Israeli Prime Minister Benjamin Netanyahu rejected a call by US President Barack Obama to halt new construction in East Jerusalem, his aides confirmed today. The rejection, which was delivered privately over the weekend, appeared likely to further complicate American efforts to broker a peace deal between Israelis and Palestinians.
Both sides lay claim to the holy city, and Israel does not consider building there to be a settlement activity. The international community does not view East Jerusalem as legally Israel’s.
Israel’s announcement last month of a plan to construct 1,600 new homes in East Jerusalem – which Israel seized from Jordan in the 1967 war – ruffled visiting US Vice President Joe Biden and threw planned peace talks off track. Obama’s Mideast envoy, George Mitchell, was set to touch down in Israel later today to try to reanimate them, The Associated Press reports.
Proposals [in past negotiations] have included a release of some of the thousands of Palestinian prisoners held in Israeli jails and the removal of some of the roadblocks hindering the movement of Palestinian people and goods in the West Bank.
Palestinian negotiator Saeb Erekat called the Netanyahu position “very unfortunate” and said he hoped the US “will be able to convince the Israeli government to give peace a chance by halting settlement construction in east Jerusalem and elsewhere.”
Mr. Netanyahu late last year agreed to a temporary freeze on settlements in the West Bank, hoping to kick-start talks with the Palestinians, and last month polls showed half of Israel supports that – in addition to a freeze in Jerusalem. Those results went against the prime minister’s claim of broad support for building in the eastern part of the capital, says The Christian Science Monitor.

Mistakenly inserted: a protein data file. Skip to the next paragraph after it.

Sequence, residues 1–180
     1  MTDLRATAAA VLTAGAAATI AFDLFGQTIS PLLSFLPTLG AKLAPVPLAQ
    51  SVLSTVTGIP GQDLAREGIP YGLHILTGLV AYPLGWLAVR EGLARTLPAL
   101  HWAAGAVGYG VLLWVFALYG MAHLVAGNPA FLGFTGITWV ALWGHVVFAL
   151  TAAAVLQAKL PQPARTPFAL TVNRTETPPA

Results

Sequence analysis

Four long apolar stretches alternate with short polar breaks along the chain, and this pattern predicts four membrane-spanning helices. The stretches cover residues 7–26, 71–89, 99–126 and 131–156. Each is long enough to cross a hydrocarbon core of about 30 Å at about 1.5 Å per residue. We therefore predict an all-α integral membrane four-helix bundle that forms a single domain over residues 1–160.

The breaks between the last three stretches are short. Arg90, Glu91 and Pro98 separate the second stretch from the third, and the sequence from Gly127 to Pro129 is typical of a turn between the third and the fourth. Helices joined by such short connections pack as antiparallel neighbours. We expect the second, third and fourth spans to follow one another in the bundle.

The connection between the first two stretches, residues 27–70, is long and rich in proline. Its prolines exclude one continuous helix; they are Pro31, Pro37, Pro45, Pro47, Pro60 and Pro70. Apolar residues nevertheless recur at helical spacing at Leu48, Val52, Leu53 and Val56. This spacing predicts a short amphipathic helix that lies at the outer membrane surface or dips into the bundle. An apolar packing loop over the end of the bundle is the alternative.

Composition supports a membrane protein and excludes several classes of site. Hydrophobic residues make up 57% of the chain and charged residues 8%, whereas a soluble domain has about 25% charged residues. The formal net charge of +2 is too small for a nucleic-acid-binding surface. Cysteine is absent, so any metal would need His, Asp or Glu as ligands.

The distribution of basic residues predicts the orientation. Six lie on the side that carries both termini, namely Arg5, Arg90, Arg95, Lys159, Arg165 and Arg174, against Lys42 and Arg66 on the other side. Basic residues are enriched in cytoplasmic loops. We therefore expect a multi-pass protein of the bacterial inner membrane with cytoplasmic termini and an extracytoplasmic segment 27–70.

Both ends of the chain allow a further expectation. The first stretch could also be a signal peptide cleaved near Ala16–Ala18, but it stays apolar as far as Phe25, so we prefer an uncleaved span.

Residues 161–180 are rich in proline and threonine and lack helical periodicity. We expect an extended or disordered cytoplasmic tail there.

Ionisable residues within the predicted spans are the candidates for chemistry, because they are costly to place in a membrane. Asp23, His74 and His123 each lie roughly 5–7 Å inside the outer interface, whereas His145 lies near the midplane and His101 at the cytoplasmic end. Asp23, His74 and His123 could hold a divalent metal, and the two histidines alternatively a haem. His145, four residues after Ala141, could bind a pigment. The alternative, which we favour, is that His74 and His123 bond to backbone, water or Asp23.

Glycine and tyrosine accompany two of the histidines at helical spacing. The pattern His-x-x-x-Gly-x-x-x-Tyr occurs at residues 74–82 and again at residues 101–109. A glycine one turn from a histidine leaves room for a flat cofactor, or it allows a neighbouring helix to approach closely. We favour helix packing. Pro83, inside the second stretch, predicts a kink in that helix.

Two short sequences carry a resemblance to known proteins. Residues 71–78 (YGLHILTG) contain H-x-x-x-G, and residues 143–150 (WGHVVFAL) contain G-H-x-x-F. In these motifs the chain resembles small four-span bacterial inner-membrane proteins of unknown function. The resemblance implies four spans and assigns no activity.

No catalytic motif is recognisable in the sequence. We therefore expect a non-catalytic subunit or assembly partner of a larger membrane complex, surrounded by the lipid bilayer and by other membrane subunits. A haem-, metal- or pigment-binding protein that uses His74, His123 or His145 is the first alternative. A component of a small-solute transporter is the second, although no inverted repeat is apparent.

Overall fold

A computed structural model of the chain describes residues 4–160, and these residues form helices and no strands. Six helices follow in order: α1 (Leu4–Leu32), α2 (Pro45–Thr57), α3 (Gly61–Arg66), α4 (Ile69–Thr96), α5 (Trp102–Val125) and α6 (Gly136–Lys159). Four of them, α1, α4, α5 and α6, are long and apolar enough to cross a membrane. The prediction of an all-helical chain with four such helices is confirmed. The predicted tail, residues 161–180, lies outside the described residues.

Also today, in a letter to the chair of a group representing American Jewish organizations, Obama said any tension that has been created between Israel and the US will be resolved, reports The Jerusalem Post.
In a letter from Obama to Alan Solow, Chairman of the Conference of Presidents of Major American Jewish Organizations, the President wrote that his administration is committed to “special relationship with Israel and that will not change.
“Our countries are bound together by shared values, deep and interwoven connections, and mutual interests,” he added. “Many of the same forces that threaten Israel also threaten the United States and our efforts to secure peace and stability in the Middle East. Our alliance with Israel serves our national security interests.”
But on Wednesday, US National Security Advisor James Jones said he was “disappointed” that Israelis and Palestinians have not made progress in peace talks, and that it was time “to put an end to excuses.”
Reiterating the White House’s support for a two-state solution, he also said that peace in the region – particularly between Israel and Syria – would help keep Iran from developing nuclear weapons, reports Israel’s Ynet News. Mr. Jones said the settlement conflict, however, was allowing Iran to divert attention from its nuclear program, Reuters reported.
Mr. Jones also said that “in our pursuit of a two-state solution, we recognize that peace must be made by the parties and cannot be imposed from the outside.” However, a recent poll showed that Palestinian support for a two-state solution is declining as Israel continues building in East Jerusalem, the Monitor reported last month.
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